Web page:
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Even if your dog graduated summa cum laude at obedience school, you may be feeling a bit nervous about introducing your dog to baby. That’s soon to join the family.
Dogs thrive on love and attention from their owners, so they’re naturally thrown off a bit when you new family member takes some of the spotlight. But with the right training and preparation, your dog will handle the transition like a champ.
Here are a few tips to ensure the transition of bringing home a newborn goes as smoothly as possible for your dog and the rest of the family:
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1. Size up Your Dog’s Behavior
When it’s just you and your partner around, it’s easier to let bad dog habits slide. But if your dog is in a routine of eating food from the table, jumping up on the furniture, or sleeping in your bed at night, you’ll want to seriously consider changing these habits before the new one arrives.
You’ll want your baby to feel safe in the space as he or she grows older, and changing habits now will make it easier for everyone.
We have a pet Yorkie, which isn’t exactly an imposing breed, but he was still used to being the center of attention and therefore I wanted to be careful about introducing him to my baby.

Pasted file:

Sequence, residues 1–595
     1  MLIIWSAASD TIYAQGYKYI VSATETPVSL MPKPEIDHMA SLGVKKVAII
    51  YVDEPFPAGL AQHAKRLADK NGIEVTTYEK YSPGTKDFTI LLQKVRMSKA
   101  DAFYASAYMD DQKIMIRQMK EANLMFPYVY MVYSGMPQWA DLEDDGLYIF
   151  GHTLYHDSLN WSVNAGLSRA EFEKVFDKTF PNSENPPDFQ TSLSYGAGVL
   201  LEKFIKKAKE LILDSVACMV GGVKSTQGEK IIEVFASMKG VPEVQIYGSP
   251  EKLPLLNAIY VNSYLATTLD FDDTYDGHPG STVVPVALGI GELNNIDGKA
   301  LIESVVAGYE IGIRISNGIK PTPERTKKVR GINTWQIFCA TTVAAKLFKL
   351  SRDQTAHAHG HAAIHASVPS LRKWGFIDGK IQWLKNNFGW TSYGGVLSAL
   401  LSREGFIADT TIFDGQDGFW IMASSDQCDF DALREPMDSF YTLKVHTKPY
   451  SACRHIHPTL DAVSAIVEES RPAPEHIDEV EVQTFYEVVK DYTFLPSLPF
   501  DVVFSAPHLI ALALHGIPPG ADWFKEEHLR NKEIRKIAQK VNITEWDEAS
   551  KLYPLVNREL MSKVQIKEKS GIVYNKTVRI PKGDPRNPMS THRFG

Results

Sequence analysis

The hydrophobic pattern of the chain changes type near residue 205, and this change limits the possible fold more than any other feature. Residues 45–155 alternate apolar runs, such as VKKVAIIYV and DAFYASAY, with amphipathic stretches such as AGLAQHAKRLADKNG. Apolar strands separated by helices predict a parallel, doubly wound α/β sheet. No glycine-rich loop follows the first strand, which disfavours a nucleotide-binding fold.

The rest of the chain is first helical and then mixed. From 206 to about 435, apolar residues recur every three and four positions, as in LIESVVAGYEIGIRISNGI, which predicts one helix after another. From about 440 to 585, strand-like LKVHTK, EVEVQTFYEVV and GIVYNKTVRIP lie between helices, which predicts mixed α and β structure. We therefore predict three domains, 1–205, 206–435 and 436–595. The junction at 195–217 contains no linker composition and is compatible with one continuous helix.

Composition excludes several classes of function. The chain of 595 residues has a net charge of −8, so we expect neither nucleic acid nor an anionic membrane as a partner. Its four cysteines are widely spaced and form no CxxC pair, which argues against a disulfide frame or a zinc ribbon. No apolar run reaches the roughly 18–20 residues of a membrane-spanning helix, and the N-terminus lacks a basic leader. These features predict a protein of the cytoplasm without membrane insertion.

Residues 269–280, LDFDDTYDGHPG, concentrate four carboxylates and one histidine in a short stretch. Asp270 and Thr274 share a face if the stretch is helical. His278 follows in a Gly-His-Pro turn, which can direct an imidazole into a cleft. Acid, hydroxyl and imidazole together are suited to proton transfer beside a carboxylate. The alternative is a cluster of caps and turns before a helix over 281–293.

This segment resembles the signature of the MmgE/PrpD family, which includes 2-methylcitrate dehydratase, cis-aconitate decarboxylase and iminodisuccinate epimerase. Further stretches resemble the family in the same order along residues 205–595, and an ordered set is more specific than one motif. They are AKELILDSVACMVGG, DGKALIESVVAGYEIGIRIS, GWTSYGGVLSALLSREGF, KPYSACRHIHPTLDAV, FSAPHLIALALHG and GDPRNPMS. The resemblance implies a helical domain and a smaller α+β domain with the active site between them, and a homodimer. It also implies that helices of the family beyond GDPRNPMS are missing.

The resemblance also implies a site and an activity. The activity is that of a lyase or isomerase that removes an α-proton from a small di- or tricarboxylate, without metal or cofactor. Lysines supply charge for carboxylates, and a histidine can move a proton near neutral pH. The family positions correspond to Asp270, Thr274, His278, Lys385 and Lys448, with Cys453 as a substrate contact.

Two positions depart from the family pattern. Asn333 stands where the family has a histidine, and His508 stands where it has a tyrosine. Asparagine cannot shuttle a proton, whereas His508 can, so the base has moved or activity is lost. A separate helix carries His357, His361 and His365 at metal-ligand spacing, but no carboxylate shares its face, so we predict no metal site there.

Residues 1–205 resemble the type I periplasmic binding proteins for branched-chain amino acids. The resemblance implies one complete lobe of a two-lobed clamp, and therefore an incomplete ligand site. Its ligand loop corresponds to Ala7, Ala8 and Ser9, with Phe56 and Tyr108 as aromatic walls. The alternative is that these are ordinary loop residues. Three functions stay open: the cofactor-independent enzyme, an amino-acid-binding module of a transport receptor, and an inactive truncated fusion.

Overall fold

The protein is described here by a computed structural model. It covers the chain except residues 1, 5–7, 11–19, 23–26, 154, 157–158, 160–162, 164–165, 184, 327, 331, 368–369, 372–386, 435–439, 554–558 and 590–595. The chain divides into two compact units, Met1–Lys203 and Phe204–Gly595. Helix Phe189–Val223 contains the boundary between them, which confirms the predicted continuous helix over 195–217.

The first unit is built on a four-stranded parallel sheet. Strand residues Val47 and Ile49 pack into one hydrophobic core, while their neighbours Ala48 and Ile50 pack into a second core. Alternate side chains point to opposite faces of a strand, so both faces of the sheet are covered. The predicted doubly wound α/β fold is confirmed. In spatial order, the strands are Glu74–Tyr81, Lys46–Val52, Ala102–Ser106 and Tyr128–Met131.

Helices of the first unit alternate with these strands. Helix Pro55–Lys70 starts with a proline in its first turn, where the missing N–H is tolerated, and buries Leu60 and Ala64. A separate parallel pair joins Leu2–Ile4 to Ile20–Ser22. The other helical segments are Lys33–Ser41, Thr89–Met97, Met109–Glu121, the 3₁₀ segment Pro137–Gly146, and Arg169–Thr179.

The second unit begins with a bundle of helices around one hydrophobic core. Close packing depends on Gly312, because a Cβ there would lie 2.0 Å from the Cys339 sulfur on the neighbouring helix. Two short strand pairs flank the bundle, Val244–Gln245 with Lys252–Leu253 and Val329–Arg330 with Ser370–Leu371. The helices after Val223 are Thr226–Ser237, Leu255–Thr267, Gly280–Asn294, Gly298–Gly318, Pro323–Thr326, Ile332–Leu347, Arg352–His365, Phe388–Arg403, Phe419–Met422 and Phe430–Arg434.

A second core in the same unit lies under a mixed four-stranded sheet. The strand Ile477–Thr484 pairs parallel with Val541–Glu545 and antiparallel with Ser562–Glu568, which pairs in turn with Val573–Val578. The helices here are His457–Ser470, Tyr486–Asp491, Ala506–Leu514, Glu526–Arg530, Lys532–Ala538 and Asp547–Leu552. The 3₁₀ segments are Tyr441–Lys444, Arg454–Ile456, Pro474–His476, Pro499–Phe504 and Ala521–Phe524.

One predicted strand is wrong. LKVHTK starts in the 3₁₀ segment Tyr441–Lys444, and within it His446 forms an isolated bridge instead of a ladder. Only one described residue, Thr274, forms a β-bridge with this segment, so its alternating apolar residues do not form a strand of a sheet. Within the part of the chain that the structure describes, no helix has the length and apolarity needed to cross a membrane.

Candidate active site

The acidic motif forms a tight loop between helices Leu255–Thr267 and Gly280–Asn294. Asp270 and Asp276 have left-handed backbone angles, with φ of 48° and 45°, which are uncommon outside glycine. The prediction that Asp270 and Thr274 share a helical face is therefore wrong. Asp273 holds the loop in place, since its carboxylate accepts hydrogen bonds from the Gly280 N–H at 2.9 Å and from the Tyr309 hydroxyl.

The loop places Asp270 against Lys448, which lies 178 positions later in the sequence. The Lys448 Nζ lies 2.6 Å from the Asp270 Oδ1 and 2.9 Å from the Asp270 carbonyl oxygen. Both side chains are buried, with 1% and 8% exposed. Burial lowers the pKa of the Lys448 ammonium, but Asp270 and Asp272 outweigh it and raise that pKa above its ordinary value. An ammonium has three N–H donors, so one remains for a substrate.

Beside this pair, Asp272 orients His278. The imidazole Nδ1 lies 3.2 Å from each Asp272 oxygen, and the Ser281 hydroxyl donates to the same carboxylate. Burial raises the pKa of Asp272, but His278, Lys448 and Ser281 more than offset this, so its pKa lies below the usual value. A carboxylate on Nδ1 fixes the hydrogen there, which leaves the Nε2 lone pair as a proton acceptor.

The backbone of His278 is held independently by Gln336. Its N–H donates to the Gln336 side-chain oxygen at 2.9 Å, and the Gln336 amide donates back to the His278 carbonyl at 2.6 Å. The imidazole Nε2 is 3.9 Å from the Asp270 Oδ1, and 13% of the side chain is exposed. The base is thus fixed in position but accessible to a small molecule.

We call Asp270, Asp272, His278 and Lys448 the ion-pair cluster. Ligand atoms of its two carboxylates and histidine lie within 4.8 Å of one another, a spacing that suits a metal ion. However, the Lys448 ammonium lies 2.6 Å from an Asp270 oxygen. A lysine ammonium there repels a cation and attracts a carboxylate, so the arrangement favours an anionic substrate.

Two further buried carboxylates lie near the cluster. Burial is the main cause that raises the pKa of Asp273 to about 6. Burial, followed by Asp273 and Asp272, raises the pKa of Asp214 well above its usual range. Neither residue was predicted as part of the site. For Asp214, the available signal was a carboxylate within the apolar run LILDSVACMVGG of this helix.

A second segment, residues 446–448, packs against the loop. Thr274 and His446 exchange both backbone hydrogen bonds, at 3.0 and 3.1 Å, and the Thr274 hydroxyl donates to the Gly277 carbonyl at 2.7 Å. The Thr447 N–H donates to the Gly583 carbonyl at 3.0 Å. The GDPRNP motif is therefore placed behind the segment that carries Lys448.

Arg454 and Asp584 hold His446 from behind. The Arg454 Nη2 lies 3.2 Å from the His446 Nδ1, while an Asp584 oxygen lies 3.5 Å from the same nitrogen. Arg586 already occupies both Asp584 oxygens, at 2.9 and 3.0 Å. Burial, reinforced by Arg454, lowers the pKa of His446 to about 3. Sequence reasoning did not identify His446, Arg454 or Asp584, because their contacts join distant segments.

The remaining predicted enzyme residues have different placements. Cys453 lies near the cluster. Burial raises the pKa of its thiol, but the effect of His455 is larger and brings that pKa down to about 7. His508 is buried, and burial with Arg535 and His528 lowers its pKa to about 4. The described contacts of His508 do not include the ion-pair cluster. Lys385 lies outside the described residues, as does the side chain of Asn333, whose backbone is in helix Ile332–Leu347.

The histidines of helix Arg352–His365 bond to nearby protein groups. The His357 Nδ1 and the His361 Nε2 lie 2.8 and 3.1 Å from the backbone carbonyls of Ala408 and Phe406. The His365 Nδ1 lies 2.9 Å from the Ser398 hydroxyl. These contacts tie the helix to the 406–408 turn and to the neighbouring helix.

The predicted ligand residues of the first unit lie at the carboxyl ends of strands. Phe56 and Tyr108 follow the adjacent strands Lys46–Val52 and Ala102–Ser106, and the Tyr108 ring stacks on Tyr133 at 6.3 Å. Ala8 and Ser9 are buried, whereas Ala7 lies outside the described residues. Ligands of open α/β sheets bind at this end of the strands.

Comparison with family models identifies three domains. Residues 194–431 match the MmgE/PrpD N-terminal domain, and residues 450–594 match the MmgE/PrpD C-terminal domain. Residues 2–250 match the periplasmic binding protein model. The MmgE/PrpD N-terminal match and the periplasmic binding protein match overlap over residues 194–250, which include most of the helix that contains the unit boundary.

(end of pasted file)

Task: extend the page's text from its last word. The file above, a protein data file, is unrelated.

And so I paid close attention to his behavior and made note of some of his habits that could possibly be impacted by an introduction to baby (like time of day he needs to go outside, when and how often he wants to play, etc.).
2. Rearrange Your Dog’s Environment as Needed
Is your dog currently sleeping near where the baby’s crib will be? Or maybe he loves playing catch in a spot you plan to use for the baby’s toys?
If so, slowly move your dog’s environment around to make it more suitable for both dog and baby. You won’t want to have to constantly reprimand your dog or move the dog out of the way when you’re caring for your baby.
In my situation, over time we gradually restricted our dog’s access to our bedroom–we wanted it to be a place where our baby could sleep uninterrupted. But since our Yorkie was used to full access to the room, it took several weeks to get him used to the new restrictions.
3. Respect Your Dog’s Needs
Remember that your dog depends on you to meet most of their needs, just like your new baby will.
Even when most of your focus is on the new arrival, be sure to fulfill your dog’s needs by giving the dog a safe space to retreat in the home, continuing to take them for walks, and making time for play. If they see how much you still adore them, they’ll be much less wary of the baby that’s entered the scene.
Honestly, it was difficult as a new parent to look after the needs of a newborn and a dog on top of that. In fact, the first few weeks that baby was home we enlisted the help of a neighbor to take our dog on walks for us–this allowed us to get some more rest, while our pup still got his daily exercise.
4. Plan Your Arrival
Bringing home baby is a memorable occasion you’ve probably been dreaming about for months. To make those first moments at home as peaceful as you hope for, make sure you take your dog into account.